Dean's Blog

There are few sailors who have experienced the intense highs and lows of America’s Cup racing like Dean Barker. In the space of 13 years, he has steered the final race in a successful defence for New Zealand in 2000, lost the Cup skippering Team New Zealand in 2003, failed to win it back in a close contest with Alinghi in 2007, then held what appeared to be an unbeatable lead in 2013 against Team Oracle USA, before ending-up on the wrong side “of one of sport’s greatest comebacks.”

It’s a history that would have broken a lesser individual, but Barker is back chasing the painfully elusive dream of securing sailing’s ultimate prize.

Ivor Wilkins speaks exclusively with the CEO and skipper of Softbank Team Japan about his determination to climb the mountain one more time.

There’s still life and ambition in the veteran America’s Cup campaigner yet.

There have been times when Dean Barker looked as if his shoulders were bowed, if not under the weight of the world, then certainly under the weight of a nation. Small as it is, New Zealand’s America’s Cup expectations have always been precociously large – yet, the record shows it has reached the loftiest heights of its own ambitions.

But, it has also suffered crushing failure, first in the 5-0 loss of the Cup in front of home fans in 2003 and then the death by a thousand cuts in San Francisco when Oracle Team USA staged that inconceivable comeback to retain the Cup. On both occasions, Barker looked a broken man.

Softbank Team Japan is gaining the practice and benefitting from sharing knowledge with Oracle Team USA.

Then came the messy divorce as Emirates Team New Zealand restructured for 2017 and turned to younger rising talents in the form of 49er aces Peter Burling and Blair Tuke.

Let’s not forget, however, that Barker has also tasted significant success – as a very young sparring partner to Russell Coutts in the successful 2000 defence of the Cup in Auckland and also in twice winning the Louis Vuitton Cup. The competitive fires still burn and the ETNZ exit was not an acceptable epitaph to his America’s Cup career. When the opportunity arose to lead a Japanese challenge, he leaped at it.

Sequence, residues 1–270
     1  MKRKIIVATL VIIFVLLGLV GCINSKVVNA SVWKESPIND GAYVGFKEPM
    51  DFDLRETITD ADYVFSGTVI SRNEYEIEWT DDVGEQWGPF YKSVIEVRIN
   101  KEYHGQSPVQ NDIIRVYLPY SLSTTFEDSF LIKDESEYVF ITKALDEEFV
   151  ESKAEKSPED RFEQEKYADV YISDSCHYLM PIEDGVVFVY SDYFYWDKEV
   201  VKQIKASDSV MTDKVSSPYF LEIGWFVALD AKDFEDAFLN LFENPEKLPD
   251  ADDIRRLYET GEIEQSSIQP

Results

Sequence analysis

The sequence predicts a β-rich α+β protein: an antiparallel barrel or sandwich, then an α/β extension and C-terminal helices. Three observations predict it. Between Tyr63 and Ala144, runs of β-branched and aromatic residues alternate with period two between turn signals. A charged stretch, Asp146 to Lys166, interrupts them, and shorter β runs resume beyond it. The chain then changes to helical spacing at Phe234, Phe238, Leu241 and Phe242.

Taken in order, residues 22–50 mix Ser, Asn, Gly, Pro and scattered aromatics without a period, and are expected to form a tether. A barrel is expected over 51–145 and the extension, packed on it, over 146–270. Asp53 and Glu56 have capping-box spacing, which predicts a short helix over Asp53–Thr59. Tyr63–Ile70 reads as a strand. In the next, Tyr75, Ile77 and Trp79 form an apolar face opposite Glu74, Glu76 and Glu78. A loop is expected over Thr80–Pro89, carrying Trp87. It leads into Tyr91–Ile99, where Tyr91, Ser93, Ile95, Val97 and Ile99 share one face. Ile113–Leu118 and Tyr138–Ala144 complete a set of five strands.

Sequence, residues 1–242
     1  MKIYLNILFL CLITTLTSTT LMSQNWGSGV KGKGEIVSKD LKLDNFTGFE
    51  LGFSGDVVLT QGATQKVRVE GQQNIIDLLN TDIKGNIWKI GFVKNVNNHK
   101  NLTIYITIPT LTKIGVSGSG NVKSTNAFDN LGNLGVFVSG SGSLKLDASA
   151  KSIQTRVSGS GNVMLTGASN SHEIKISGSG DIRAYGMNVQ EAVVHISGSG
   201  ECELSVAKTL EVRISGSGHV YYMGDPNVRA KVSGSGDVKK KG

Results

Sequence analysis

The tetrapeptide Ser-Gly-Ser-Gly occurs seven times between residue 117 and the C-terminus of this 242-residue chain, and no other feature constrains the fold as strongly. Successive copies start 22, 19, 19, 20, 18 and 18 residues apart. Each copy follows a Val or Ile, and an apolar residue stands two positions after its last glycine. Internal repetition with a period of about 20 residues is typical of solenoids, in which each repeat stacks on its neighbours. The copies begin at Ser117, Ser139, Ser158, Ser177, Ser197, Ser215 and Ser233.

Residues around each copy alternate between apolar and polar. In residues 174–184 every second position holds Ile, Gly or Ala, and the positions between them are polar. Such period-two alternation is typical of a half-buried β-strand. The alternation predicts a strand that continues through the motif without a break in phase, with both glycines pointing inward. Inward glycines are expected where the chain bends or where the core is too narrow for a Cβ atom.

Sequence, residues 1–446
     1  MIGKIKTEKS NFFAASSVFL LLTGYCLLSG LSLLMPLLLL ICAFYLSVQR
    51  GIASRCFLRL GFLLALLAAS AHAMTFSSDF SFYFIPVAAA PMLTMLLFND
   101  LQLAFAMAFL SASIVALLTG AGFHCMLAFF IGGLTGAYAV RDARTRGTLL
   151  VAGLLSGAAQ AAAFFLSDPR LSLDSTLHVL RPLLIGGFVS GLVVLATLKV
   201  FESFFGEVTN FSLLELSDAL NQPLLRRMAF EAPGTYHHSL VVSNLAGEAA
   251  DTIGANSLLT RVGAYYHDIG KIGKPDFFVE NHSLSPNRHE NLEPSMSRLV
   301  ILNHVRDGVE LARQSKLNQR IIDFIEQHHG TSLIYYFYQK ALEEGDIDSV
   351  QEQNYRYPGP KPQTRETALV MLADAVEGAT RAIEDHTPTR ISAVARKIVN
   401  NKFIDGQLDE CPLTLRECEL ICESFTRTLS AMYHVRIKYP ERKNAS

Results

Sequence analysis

Asian waters will be the proving ground for Softbank Team Japan at the next Louis Vuitton World Series, held in Fukuoka.

What doesn’t kill you makes you stronger, the saying goes, and as he set about building the Softbank Team Japan campaign from the ground up, he has looked re-energised, engaged, a man with a mission, happy.

Even if this was not the narrative he would have chosen, does he perhaps feel liberated from the baggage of New Zealand’s Cup story? “Some of the best years of my life were working in New Zealand,” he says.

“I enjoyed the friendships of people I worked with. It obviously wasn’t something I would have wanted to end the way it did. I wanted to continue racing. I have a huge love of the sport, the racing and the competition, so when this opportunity came around, it was certainly unexpected, but it has been amazing.

It’s hoped the round on home waters will generate interest in the America’s Cup in Japan and a strong following in the lead up to Bermuda 2017.

“To be able to continue to race in a different environment and with a different level of expectation, does mean you can go out and relax a bit and have some fun. I am enjoying this environment we have created. Having the ownership of doing something new and in the way you would like to do it has been very satisfying. It is very rewarding being part of this new team.”

Japan, of course, is not new to the America’s Cup and it has always had strong connections with New Zealand and Australia. Chris Dickson skippered the first Nippon Challenge campaign in 1992, John Cutler in 1995 and Peter Gilmour in 2000, the last time the Rising Sun flag flew over the Cup arena.